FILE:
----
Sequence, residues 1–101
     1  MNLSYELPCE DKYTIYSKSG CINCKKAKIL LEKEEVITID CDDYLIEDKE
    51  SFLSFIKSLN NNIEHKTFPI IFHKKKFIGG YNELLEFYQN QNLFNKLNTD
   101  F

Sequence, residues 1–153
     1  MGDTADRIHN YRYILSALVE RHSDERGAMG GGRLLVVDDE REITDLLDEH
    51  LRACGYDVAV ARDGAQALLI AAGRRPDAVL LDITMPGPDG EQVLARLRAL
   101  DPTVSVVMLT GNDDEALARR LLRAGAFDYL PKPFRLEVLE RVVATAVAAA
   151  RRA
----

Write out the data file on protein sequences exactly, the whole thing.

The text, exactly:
Sequence, residues 1–101
     1  MNLSYELPCE DKYTIYSKSG CINCKKAKIL LEKEEVITID CDDYLIEDKE
    51  SFLSFIKSLN NNIEHKTFPI IFHKKKFIGG YNELLEFYQN QNLFNKLNTD
   101  F

Sequence, residues 1–153
     1  MGDTADRIHN YRYILSALVE RHSDERGAMG GGRLLVVDDE REITDLLDEH
    51  LRACGYDVAV ARDGAQALLI AAGRRPDAVL LDITMPGPDG EQVLARLRAL
   101  DPTVSVVMLT GNDDEALARR LLRAGAFDYL PKPFRLEVLE RVVATAVAAA
   151  RRA